Secret Ballots:. Lessons from trade union recognition disputes

DOIhttps://doi.org/10.1108/eb054947
Publication Date01 Feb 1980
Pages25-30
AuthorTom Kynaston Reeves
SubjectHR & organizational behaviour
Secret Ballots:
Lessons from
trade union recognition disputes
by Tom Kynaston Reeves
Anglian Regional Management Centre,
North East London Polytechnic
The shortcoming of secret ballots, as with any other kind
of opinion poll, is that people may choose not to believe
them. Indeed, where important industrial relations issues
are at stake, parties to a dispute may go to great lengths
to try and prove the invalidity of an unpalatable result.
Secret ballots have long been advocated as a means of
reforming industrial relations procedures, especially as a
prior condition of striking or introducing a closed shop.
The present Conservative Government, while not ap-
parently intending to make the use of secret ballots
compulsory, certainly wishes to encourage their use, and
proposes to make funds available to trade unions for this
purpose.
To work successfully, secret ballots depend on all the
parties concerned being willing to accept the outcome of
the ballot as a basis for determining action, and to accept
the procedures used as leading to a valid outcome. In the
absence of these conditions, use of a secret ballot may
hinder rather than help the resolution of a disputed issue,
introducing new sources of dispute centring around the
conduct of the ballot
itself.
Obstructions may be put in the way of the ballot being
conducted. For example, a management may prevent all
relevant workers being polled, or a trade union may ad-
vise their members not to take part. If the ballot is
completed, then good reasons may be found for ignoring
the result. Practitioners in the field of employee attitude
surveys will be all too familiar with these hazards.
Ballots on trade union recognition, particularly those
that the Advisory, Conciliation and Arbitration Service
(ACAS) has to conduct under the statutory provisions of
the 1975 Employment Protection Act, can prove especi-
ally contentious, and ACAS has on a number of occa-
sions had to justify its balloting procedures in court. If
there is to be growth in the use of secret ballots, the
judgements in some of these court cases could provide
an important reference point for determining future
balloting standards.
Allegations of Partiality
There is at present no widely accepted body of standards
or professional code of practice that can be referred to
in resolving some of the invidious ethical and practical
choices that may have to be made in the course of an
employee survey or ballot. Moreover, it is never difficult
for people to find reasons why things should have been
done differently, and the absence of agreed and accepted
standards can often result in the polling body being
Tom Kynaston Reeves holds dual appointments as Reader in
Management Studies at Anglian Management Centre, North East
London Polytechnic, and as Consultant Director of Business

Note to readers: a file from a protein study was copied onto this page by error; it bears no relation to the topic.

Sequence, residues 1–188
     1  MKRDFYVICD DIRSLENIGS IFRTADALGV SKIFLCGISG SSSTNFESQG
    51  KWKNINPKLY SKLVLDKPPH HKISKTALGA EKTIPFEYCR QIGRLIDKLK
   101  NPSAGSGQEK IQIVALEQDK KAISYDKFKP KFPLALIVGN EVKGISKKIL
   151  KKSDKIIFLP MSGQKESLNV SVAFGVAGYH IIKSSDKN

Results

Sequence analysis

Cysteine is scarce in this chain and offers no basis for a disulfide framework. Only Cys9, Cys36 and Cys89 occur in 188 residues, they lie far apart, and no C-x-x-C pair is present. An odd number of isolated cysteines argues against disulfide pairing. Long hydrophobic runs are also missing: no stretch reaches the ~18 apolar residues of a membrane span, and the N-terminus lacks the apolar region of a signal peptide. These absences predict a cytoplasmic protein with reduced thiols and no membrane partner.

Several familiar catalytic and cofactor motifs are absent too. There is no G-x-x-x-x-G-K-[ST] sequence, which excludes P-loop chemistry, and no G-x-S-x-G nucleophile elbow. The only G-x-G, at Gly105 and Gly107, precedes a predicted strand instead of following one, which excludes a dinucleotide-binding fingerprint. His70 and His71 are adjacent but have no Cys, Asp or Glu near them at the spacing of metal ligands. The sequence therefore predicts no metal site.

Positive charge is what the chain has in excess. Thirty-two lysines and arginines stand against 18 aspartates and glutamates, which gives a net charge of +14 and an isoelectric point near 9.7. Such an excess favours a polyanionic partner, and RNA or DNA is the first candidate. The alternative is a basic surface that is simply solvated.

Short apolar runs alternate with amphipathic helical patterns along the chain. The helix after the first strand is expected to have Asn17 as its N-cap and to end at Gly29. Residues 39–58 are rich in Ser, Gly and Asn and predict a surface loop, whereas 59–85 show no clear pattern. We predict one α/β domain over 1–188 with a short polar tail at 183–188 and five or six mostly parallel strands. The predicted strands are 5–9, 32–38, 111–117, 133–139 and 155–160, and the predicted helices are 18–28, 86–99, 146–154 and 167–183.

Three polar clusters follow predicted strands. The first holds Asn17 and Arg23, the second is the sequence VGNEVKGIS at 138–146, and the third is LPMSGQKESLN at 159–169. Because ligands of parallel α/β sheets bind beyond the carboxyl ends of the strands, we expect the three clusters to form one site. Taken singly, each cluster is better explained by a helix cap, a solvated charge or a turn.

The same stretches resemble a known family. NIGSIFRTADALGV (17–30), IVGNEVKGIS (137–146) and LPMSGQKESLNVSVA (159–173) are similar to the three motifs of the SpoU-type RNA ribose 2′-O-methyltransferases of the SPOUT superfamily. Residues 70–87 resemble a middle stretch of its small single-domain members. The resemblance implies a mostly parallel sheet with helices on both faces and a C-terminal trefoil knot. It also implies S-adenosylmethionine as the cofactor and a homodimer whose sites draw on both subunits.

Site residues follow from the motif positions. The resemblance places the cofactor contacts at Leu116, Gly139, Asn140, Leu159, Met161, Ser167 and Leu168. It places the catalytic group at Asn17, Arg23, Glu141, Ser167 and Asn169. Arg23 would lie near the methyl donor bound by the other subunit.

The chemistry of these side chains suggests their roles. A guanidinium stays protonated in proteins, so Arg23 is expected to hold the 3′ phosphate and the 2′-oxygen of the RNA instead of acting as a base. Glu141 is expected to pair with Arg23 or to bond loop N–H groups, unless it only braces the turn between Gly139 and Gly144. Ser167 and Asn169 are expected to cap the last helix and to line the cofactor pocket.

Decisions Ltd, a commercial research agency.
judged by different standards of conduct to those they
themselves are using.
This is well illustrated by the experience of the Tavis-
tock Institute of Human Relations which was "blacked"
in 1972 by ASTMS for allegedly failing to act indepen-
dently and impartially while investigating support for
collective representation among white collar and man-
agerial staff in ICI [1].
The shortcoming of secret ballots,
as with any kind of opinion
poll,
is
that people may choose not to believe them
Two incidents appear to have triggered ASTMS's
reaction. One was that the Tavistock research team had
allowed ICI, so it was alleged, to second to their team a
consultant selected and paid by ICI, namely Professor
Kenneth Walker, then of the ILO. Allegedly the Tavis-
tock Institute were required by ICI to consult with
Professor Walker at every stage of their inquiry, and to
have him present with them when meeting the trade
unions. This might have been satisfactory had all the
parties understood Professor Walker's role and the
nature of his consultancy contract with ICI. However,
the Tavistock researchers presumably acting in good
faith since after all they too were retained by ICI in-
troduced him at a meeting with trade union officials as
part of their research team, thus implying, so it was
alleged, that his role was more independent than in fact
it was. The second ground on which ASTMS alleged that
the Tavistock team had behaved less than impartially
was that they had made available the results of their
pilot survey, which had fairly accurately predicted the
final result, to the ICI personnel department. It was
claimed that this advance information had given the
company certain advantages, though it is not altogether
clear what these were.
This may seem to some an extreme reaction on the
part of ASTMS. However, such sudden withdrawals of
co-operation by a trade union are not untypical of em-
ployee survey work. Indeed, it is also not uncommon for
managers to attempt to sabotage or otherwise undermine
a survey, perhaps commissioned by someone else in the
organisation, which they fear could produce results
which could be damaging to their own position.
Questioning the researcher's integrity is probably one
of the more common of the tactics that are resorted to
in attempts to discredit a survey. It is rarely sufficient for
Employee Relations 2,2 1980 25

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